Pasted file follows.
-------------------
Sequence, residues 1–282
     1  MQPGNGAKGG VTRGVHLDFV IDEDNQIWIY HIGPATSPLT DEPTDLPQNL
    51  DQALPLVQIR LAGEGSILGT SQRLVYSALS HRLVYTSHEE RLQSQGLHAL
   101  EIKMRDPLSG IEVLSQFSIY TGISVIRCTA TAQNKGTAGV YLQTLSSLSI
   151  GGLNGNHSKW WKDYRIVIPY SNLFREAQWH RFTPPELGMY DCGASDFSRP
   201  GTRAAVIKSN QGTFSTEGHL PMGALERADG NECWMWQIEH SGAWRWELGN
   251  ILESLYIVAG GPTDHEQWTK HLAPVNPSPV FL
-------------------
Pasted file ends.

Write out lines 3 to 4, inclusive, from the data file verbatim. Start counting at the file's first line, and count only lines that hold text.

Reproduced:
    51  DQALPLVQIR LAGEGSILGT SQRLVYSALS HRLVYTSHEE RLQSQGLHAL
   101  EIKMRDPLSG IEVLSQFSIY TGISVIRCTA TAQNKGTAGV YLQTLSSLSI